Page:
pottedstu, Dec 12 2001

       Pretty neat idea. How would this work in conjunction with other sorting methods (rules and such)?
PotatoStew, Dec 12 2001

       [pottedstu] Couldn't yr problem be at least partially solved by examining which, if any, email addresses are CC'd in any mails received. Admittedly this would only work with the kind of situation where someone decides to send/forward something to several people in their address book, but as most people who send me mail do this on some occasions, it seems workable.
-alx, Dec 12 2001

       pottedstu, alx: Don't worry about large scale implementations of this system. As this data is worth large anount of money in the marketing community it's dangerous to share it between mail servers - this would be a one domain operation only. The filtering would work for one degree of separation beyond the people who had accounts here.   

       PotatoStew: Rules? Where we're going we don't needs rules. Sorry. Implement as necessary. e.g. In my main inbox show all bits of mail which are less than 5 degrees of separation.   

       Other possibilities:
Several lists of people - friends, business, listservers that I occasionally read could go to different inboxes on the same account.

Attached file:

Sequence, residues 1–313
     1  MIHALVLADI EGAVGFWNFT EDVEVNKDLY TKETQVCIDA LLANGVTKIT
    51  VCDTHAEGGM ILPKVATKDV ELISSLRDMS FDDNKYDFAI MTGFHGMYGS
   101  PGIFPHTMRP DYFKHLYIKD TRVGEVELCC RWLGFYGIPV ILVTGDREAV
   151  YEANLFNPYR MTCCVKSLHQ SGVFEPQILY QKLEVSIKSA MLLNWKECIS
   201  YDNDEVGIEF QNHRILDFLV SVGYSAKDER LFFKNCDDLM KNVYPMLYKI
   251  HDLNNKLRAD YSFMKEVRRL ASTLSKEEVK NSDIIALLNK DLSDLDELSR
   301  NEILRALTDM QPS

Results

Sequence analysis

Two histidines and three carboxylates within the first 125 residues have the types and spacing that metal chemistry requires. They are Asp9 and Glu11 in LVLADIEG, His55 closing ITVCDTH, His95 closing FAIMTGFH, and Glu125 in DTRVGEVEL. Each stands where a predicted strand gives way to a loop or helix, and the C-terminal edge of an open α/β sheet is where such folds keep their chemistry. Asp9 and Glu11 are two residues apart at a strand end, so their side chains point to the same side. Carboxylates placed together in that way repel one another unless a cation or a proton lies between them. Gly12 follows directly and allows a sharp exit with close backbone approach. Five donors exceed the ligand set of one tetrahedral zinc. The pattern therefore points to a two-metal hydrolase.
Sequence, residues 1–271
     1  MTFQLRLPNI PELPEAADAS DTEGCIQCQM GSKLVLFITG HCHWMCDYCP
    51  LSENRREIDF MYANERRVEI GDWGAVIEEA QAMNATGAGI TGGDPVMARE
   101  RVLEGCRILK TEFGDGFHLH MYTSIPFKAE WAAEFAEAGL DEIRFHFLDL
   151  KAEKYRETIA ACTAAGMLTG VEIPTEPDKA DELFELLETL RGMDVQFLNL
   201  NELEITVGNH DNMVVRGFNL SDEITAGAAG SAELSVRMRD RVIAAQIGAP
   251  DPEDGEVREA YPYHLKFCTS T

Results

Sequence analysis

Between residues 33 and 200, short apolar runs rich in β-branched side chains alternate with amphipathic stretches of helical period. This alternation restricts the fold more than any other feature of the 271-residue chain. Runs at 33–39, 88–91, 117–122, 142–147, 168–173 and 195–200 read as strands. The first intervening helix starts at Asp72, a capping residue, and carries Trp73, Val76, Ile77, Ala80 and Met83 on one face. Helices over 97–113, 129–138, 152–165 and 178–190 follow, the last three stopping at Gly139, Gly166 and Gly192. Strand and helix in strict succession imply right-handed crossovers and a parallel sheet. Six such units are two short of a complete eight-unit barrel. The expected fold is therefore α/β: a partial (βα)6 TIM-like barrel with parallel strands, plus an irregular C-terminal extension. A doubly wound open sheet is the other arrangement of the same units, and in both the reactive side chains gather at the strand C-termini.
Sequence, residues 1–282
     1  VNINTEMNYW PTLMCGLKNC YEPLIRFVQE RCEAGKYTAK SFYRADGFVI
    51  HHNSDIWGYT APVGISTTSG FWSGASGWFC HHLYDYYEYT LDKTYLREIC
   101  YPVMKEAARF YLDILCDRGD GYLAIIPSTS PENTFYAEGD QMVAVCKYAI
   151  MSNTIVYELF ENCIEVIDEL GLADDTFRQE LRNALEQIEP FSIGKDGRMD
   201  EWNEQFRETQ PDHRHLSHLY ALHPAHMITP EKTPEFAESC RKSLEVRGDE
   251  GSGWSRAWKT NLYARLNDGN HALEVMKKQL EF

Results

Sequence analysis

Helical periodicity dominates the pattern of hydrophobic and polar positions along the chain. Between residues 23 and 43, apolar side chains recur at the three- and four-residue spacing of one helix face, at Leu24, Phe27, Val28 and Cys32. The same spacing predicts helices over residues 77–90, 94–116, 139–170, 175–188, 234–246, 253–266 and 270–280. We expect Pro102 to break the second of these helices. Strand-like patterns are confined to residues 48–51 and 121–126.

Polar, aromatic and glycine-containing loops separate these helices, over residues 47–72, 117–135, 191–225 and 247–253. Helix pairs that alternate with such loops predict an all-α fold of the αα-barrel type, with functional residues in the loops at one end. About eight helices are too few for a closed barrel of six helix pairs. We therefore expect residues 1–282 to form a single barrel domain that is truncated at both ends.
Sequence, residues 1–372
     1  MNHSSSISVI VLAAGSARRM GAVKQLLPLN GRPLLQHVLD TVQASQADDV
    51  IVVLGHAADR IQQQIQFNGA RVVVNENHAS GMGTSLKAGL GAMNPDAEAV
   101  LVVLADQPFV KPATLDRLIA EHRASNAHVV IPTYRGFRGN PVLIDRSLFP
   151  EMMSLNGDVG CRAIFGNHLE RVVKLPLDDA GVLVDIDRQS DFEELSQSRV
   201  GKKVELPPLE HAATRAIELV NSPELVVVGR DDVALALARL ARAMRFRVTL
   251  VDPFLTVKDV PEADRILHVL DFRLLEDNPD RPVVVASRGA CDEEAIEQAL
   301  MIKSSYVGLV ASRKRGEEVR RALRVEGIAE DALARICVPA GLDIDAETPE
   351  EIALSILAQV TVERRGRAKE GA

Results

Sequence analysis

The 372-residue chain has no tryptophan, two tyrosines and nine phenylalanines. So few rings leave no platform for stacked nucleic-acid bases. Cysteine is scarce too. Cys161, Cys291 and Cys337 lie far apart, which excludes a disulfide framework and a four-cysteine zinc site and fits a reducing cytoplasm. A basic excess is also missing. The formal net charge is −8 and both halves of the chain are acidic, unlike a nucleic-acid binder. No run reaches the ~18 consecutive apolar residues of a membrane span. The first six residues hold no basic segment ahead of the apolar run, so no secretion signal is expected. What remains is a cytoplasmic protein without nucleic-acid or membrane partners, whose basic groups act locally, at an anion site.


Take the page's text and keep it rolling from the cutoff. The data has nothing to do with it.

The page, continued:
You could put a confidence percentage on people based on how likely they will have bulk emailers in their friends list. You could then sort by percentage rater that how many degrees of separation. This is my imagination. You can do anything.
st3f, Dec 12 2001

       Too complicated. One folder for spam, one folder from personal addies not rendered to be from a spam server (whatever) is fine for me and most people, I think. Blah @ spam anyway.
jimithing, Dec 13 2001

       It's not just about spam.  It's about overload, too (link, horvitz).
bristolz, Dec 13 2001

       Sign your mail & use the PGP web of trust?
hello_c, Dec 13 2001

       The plumber thing sounds good though. Find a plumber recommended by your friend, or failing that by a friend of a friend, or failing that by a friend of a friend of a...
pottedstu, Dec 13 2001

       Anything beyond 2 degrees is indistinguishable to me.
bookworm, Dec 13 2001

       Mostly baked I think - Homail has an junk mail protection option (called 'exclusive') whereby any email originating from someone who's address is not in your address list (or 'safe' list) goes into the junk folder. ie it's a 1st degree filter.   

       Now, if it kept track of the cc addresses on those non-junk messages and treated them as non-junk too (-alx's idea) it would almost be a 2nd degree filter.
tobythepig, Jan 04 2002

       The granted patent application 9,100,221 cites this HB idea as prior art.
popbottle, Nov 22 2015

       Wow. That's the most citations I've ever seen in one place, by a large margin. 397 (by my count) other patents, and 318 non-patent citations including this idea.   

       Edit: Actually 382 patent citations, not 397. I used a more accurate counting method this time. Conveniently, the total is now 700.
notexactly, Nov 23 2015

       Wow... I thought you were joking until I read the patent!
mwburden, Nov 23 2015